GREECE REFLECTION: Poems from the Brink of Despair; powerful voices of refugees in detention of Moria

CPTnet

August 15 2017

GREECE REFLECTION: Poems from the Brink of Despair; powerful voices of refugees in detention of Moria

compiled by: Annelies Klinefelter

The camps near Mytilene (the capital of Greek Lesbos island) are filling up because of the steady influx of people — between fifty and a hundred each day. Because of this, Greek authorities opened a new camp in the north of the island where most refugees have been arriving. In an effort to counteract this influx the authorities arrange weekly deportations and send around 8-15 people back to Turkey against their will. There is no love for the European Union-Turkey deal here.

I talked with a number of refugees. They are desperate. One man was telling me about the growing numbers of self-inflicted mutilations and even suicides.

People come from all over the world to seek protection of the European Union: Iraq, Iran, Congo, Pakistan, Afghanistan, and many other places.

Tuesday 21 June, 2017 marked the commemoration of an International Refugee Day. On Lesbos, I participated in an event where the detained refugees from the Moria camp were allowed to speak. They read beautiful poems they had written that reflect their pains and send a powerful message to us all and the powers that be.

Lesvos Solidarity

Photo credit: http://www.lesvossolidarity.org

Prisoner
I don’t know where I come from,
But they call me refugee.
I’m imprisoned in Moria — deprived of my liberty.
There are men, women and children, all desperate,
Crying in unison: “We are prisoners.”

This ceremony is not enough to make me smile.
I long to be free, like Mohamed Ali in the ring,
The walls of Moria are the nightmares in my sleep.
UNHCR is aware; I’m saying nothing new.

To cross the borders of Moria, you have to be vulnerable.
Human Rights? No! Not for those who came here over the water.
A dozen people froze in Moria during the winter cold.
No guilty party. Only excuses. No justice. We are the uncivilized ones.

We want to register our names and file as refugees, but alas,
in the asylum office we are merely migrants. 


Proud to be vulnerable
When they talk about Hitler,
it’s not because he was good.
Look at UNHCR,
I will tell you what nobody knows.

In Moria, refugees are proud to be sick.
I broke my arm to get a medical certificate.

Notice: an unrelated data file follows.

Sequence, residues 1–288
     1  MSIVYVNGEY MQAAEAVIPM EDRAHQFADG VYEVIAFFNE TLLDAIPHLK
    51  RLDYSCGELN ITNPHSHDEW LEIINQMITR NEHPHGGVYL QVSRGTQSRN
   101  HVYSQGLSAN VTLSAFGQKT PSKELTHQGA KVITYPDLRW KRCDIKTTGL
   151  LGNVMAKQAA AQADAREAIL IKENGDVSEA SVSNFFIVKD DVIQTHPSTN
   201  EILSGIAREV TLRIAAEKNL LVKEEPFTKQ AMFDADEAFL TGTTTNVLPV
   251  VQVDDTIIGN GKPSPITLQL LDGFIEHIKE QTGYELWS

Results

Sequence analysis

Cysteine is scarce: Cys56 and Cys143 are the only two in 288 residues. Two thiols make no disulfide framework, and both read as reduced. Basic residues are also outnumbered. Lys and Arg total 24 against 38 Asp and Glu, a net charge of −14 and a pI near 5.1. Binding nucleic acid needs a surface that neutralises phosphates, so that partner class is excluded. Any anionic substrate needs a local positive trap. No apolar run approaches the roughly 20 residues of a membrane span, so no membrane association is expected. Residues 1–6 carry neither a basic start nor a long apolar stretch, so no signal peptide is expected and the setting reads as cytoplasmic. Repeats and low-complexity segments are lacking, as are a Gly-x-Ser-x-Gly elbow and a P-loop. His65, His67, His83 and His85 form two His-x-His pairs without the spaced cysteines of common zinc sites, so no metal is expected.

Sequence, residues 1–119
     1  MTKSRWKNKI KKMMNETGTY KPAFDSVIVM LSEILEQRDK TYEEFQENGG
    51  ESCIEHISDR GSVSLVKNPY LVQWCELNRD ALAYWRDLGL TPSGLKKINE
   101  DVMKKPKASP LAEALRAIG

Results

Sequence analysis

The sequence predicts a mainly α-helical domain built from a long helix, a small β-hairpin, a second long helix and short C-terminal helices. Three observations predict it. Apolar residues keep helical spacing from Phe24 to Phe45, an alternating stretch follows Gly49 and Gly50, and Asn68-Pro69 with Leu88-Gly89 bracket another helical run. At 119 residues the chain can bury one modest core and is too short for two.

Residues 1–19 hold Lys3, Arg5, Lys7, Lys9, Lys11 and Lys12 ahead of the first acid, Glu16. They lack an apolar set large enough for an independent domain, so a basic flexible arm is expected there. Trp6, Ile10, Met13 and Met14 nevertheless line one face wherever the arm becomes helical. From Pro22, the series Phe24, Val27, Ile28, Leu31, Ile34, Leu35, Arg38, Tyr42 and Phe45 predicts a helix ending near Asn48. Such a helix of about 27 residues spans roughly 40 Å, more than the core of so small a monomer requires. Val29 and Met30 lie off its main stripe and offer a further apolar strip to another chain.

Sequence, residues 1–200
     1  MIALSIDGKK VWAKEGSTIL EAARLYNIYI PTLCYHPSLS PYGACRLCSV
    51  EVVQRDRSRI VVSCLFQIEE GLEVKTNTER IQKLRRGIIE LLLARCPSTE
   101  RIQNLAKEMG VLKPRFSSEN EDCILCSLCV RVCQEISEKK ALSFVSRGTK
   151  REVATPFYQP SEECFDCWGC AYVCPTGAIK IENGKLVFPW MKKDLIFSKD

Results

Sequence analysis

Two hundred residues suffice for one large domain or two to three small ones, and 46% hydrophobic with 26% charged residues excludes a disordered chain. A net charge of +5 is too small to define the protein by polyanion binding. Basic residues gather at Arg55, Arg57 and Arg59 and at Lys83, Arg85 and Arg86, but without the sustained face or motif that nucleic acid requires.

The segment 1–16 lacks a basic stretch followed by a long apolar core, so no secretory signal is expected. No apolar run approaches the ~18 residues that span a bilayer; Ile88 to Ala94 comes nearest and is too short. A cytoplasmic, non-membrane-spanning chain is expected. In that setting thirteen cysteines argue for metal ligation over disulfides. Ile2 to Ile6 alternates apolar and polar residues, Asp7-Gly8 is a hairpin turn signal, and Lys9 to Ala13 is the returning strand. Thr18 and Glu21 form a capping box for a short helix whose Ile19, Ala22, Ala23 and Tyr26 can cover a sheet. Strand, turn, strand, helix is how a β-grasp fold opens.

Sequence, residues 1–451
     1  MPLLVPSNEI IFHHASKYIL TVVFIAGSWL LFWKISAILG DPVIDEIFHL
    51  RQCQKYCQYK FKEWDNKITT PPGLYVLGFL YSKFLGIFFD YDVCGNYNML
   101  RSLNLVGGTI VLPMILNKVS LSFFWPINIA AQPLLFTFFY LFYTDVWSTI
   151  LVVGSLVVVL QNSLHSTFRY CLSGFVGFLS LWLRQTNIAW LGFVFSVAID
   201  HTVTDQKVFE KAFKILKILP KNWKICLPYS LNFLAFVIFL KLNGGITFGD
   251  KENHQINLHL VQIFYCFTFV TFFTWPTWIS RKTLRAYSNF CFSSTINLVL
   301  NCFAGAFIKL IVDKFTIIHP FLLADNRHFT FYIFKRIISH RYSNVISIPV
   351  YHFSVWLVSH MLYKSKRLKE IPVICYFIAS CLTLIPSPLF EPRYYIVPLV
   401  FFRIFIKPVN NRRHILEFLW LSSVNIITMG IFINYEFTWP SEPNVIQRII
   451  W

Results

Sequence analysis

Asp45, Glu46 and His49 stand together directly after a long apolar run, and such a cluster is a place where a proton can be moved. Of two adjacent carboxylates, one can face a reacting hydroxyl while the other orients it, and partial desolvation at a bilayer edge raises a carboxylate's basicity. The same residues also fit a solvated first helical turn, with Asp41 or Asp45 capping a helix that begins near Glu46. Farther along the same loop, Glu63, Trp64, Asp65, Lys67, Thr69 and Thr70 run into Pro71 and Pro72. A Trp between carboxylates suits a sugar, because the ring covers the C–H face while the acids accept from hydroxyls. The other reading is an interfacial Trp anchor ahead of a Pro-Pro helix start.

If you have been tortured you can sell yourself as vulnerable.
Being mentally ill is the price to pay for safe passage.
It’s easier for a sinner to enter paradise
than for a refugee to get asylum in Greece.

Why do you, all the guilty ones,
Want to teach us lessons in morality?
You prevent us from being happy.
Us, the brave ones.


A Dream
Dignified people cultivate love.
Racists spread hate.
Good people shake hands and invite.
Bad people close the borders and turn their backs.
I came to Greece, not for tourism,
But to ask for help.
To those who don’t like us,
I pray God does not listen to your prayers.

We come from everywhere
Looking to create a free and better world.
Like Martin Luther King Jr., I too had a dream.
In my dream I saw people, free from despair,
Black and white together in hope and faith,
Men and women with the same rights.
Go and tell the racists
that despite all the difficulties,
I am proud.


Moria Apocalypse
We survived the snow, we slept on the ground.
There were no exhibitions, no statements in the press.

My stay in Moria will never be a text from a novel.
Classify Moria as a sect if you talk about religion.

What upset you in this message? Did something?
I will paint you a picture of all my nightmares.
Don’t talk to me about all the crimes happening in Africa.
I’m asking you to talk about everything that’s going on in this island.

The stress,
The psychosis,
The mental routine.
Pain and desolation
Shroud the corridors in the hospital.

I thought Greece was a welcoming country,
But to get into the system here one must fit through the eye of a needle.

UNHCR is a thorn that digs into our wounds.
EASO is only an agency for discrimination in Greece.

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